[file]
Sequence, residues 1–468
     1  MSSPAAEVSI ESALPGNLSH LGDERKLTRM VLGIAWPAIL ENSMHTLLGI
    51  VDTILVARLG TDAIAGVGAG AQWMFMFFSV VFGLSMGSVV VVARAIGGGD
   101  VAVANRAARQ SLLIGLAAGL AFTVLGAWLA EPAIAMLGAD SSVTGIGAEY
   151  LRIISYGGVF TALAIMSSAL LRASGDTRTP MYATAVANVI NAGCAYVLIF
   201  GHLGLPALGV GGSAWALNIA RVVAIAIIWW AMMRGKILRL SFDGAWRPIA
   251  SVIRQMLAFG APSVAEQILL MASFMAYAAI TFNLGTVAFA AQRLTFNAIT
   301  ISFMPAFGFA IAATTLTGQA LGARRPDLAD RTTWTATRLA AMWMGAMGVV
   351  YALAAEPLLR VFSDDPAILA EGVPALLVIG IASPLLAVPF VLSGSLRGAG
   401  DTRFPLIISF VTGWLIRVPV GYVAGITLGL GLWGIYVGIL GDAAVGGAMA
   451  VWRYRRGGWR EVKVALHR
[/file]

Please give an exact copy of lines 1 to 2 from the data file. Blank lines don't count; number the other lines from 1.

Sequence, residues 1–468
     1  MSSPAAEVSI ESALPGNLSH LGDERKLTRM VLGIAWPAIL ENSMHTLLGI